The second surprising and potentially angering aspect of Ehrlich’s speech, especially given the venue, was his critique of Israel. According to Ehrlich, Israel is very rich and overconsuming, and despite having some of the best scientists in the world, it manages its land like a third world country. Ehrlich chides Israel for having too large a population for its landmass, and recommends that the birthrate drop from three down to 1.5, and then continues to decline to bring Israel back into check with its natural environment. Israel will not be immune to the effects of climate change. Notably, Israel will likely to have less water and more extreme climate, both of which will worsen an already worrisome transboundary conflict over resources with its neighbours.

But Ehrlich’s purpose is not to single out Israel. Rather, he argues Israel has the potential to do better. It is an ideal place to develop solar power, and has great knowledge of reversing land degradation, knowledge that will be of paramount importance in coming years. Likewise, the intellectual capacity of Israel puts it in a strategic position to be at the frontline of solving the world’s problems.

But how do we solve those problems?

The challenge is turning knowledge into change. Ehrlich notes that we know about the direction the world is going in, and we have the technical knowledge to change things, but lack the ability to promote more constructive human behaviour. This is the million dollar connundrum that vexes people across the world. In tandem with his own research at Stanford, Ehrlich founded the Millennium Alliance for Humanity and the Biosphere to help promote research and give the next generation a chance to make change. He encouraged everyone at the conference to “join the MAHB.”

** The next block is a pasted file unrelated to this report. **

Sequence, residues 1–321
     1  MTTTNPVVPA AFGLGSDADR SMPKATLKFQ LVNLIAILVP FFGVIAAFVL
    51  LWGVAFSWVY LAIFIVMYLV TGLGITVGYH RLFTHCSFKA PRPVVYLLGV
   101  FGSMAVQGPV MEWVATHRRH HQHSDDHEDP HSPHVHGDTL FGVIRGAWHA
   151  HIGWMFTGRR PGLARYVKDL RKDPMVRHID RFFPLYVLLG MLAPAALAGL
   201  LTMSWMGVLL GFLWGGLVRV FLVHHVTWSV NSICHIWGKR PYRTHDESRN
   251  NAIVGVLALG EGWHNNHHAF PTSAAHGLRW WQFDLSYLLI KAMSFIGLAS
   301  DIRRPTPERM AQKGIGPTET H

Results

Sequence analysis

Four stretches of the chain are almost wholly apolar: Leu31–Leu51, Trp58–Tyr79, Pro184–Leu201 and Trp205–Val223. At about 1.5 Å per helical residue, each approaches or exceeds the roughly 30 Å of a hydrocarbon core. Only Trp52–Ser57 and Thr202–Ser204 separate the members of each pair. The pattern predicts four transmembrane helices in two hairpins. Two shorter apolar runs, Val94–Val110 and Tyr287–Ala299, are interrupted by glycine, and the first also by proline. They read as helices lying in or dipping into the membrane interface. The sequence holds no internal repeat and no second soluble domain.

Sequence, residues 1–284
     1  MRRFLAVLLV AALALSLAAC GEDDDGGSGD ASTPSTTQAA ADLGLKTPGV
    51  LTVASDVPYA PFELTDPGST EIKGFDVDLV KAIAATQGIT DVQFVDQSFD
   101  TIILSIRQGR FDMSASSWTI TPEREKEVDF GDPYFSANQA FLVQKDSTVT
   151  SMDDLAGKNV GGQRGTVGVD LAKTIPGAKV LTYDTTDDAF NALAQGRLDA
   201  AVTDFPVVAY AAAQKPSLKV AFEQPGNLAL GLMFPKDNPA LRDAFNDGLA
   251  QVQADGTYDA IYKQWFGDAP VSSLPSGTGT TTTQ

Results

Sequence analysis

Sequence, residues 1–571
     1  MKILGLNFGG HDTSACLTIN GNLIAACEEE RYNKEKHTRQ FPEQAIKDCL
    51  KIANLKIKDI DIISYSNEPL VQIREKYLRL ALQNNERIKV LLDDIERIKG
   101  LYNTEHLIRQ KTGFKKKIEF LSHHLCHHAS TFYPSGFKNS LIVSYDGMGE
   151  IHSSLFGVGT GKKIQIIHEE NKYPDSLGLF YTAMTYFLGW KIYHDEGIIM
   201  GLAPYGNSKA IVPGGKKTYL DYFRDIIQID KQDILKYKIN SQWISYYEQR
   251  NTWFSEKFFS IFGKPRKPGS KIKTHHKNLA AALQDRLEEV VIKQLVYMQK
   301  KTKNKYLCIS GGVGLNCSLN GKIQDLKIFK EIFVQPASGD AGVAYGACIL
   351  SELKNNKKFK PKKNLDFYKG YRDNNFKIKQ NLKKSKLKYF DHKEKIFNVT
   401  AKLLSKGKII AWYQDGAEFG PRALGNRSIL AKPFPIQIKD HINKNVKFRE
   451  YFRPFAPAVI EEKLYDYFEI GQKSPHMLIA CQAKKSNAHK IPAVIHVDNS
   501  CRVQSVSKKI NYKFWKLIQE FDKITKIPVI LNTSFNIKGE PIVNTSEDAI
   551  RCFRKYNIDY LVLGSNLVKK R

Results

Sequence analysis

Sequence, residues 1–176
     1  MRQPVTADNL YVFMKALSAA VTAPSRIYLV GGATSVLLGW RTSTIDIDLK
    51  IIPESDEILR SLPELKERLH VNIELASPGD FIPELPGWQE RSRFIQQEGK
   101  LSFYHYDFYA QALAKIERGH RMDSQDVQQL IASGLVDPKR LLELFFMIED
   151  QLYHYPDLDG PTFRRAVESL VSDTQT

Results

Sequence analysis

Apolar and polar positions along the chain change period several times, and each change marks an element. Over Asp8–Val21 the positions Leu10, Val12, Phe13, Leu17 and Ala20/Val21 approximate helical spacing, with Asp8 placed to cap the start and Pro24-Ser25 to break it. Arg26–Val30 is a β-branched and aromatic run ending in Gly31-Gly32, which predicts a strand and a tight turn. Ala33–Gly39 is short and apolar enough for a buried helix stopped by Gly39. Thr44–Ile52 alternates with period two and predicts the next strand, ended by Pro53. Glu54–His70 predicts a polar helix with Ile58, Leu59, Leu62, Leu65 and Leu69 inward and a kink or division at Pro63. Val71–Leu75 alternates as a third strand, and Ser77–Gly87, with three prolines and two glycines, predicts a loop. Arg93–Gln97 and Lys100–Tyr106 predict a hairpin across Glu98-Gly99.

I had the opportunity to talk to Ehrlich after the opening ceremonies. He is warm and welcoming. He offered encouragement to the students surrounding him. But Ehrlich is definitely no Pollyanna. His guess is the world has a 10 per cent chance of surviving, but it’s worth the effort. As he noted at the end of his speech, “either we can change our ways, or they will be changed for us.”

Stay tuned to read about how this conference can help us all take those proactive steps.

Kyrke Gaudreau is the Sustainability Manager at the University of Northern British Columbia. Dr. Gaudreau completed his PhD in social and ecological sustainability at the University of Waterloo where his research focused on the sustainability assessment of energy systems. He has consulted on various strategic and environmental assessments of energy systems in Canada, and has researched and written about energy systems sustainability in several different countries.